Posted by: Rebecca | February 8, 2013

Writing Environmental Legislation in English and History Class

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“A wilderness, in contrast with those areas where man and his own works dominate the landscape, is hereby recognized as an area where the earth and community of life are untrammeled by man, where man himself is a visitor who does not remain.”

This afternoon I observed a combined session of Conserve School’s core English and History classes – or rather, I observed a session of Congress! Students spent the afternoon debating and rewriting the Wilderness Act of 1964 in groups while English teacher Jeff Rennicke and history teacher Michael Salat guided them through the process. In the end, students voted on their favorite version of the bill and a member of the winning group was elected President of the United States. The history part of the class came in during a discussion of what else was happening in the country during the tumultuous 1960s, and the English came through in the word-smithing necessary to write a new draft of the bill, including a discussion of the meaning of the unusual word “untrammeled.” The debate about what should and shouldn’t be allowed in wilderness areas was especially engaging, as students considered whether activities like hunting and mountain biking are appropriate in designated wilderness. Even when our students stay inside the classroom, they are making connections with the school’s theme of environmental stewardship, and they concluded by electing our nation’s first female head of state!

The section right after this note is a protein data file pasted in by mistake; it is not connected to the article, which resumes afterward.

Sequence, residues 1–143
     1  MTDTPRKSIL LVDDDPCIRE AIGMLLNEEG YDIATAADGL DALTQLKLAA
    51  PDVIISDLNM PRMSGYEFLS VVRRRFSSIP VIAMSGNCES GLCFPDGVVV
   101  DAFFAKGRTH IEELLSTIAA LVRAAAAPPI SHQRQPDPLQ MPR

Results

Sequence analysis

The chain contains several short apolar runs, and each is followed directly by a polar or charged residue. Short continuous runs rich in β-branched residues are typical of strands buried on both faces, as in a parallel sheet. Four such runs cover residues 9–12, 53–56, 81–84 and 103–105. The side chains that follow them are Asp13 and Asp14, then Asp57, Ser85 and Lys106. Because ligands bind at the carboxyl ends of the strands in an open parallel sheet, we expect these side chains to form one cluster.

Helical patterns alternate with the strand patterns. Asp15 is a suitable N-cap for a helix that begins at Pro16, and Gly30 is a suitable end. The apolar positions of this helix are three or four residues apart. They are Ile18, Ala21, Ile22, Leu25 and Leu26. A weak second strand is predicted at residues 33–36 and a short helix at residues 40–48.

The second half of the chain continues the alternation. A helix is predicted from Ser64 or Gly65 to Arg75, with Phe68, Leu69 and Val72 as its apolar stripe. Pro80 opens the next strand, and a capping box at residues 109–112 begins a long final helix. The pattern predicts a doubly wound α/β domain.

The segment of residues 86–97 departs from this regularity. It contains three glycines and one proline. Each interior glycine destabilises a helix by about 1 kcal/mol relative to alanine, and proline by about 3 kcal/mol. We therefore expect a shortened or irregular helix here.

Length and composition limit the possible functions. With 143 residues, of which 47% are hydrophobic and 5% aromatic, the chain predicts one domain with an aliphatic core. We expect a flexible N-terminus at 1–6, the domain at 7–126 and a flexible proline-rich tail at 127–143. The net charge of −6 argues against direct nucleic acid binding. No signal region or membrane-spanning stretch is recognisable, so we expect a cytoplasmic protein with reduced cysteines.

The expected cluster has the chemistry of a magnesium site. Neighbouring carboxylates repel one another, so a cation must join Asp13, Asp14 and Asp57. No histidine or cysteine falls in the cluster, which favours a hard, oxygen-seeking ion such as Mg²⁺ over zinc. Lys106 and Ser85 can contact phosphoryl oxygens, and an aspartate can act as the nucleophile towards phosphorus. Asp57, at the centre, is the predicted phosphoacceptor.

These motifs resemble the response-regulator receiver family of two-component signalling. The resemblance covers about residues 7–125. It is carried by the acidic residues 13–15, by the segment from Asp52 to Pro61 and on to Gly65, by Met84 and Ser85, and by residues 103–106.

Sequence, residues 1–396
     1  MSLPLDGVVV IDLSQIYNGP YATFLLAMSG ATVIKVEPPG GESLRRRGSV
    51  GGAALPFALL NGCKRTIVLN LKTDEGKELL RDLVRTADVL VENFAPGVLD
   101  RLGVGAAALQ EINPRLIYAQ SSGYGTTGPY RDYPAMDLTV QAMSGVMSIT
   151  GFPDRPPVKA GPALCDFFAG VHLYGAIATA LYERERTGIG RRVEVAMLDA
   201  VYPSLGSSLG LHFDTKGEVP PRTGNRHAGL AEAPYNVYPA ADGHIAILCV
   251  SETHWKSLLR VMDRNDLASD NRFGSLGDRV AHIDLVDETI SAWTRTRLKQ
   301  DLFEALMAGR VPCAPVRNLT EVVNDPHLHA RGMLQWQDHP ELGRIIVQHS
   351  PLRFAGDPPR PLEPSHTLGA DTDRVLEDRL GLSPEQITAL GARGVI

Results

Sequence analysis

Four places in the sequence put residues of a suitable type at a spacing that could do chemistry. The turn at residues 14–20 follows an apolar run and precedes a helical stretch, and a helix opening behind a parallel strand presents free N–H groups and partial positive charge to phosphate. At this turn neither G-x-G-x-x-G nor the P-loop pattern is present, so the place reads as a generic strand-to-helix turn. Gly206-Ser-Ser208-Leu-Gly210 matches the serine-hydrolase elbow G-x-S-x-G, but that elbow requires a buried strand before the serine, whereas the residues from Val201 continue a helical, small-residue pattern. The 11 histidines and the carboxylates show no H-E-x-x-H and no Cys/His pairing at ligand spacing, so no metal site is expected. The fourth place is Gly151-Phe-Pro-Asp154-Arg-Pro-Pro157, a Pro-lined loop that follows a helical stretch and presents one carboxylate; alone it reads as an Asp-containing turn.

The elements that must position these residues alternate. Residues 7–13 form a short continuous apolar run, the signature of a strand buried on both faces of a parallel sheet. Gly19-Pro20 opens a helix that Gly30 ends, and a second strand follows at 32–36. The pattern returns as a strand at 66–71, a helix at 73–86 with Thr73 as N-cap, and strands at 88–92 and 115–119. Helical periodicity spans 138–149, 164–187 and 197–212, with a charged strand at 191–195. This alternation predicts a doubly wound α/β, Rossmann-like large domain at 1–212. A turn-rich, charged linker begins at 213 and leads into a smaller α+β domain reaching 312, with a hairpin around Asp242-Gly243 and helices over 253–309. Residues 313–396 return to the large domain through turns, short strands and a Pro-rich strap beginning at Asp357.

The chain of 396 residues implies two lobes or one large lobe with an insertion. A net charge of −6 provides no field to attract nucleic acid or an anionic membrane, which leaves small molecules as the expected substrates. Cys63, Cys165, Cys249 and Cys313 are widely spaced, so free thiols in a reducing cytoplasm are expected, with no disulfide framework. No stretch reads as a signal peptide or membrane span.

Rebecca Deatsman
Graduate Fellow

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Responses

  1. I am so impressed that their is a school like yours. I am also proud that my grandson wanted to attend. Learning more about conservation is what all of us need to know to save our world.


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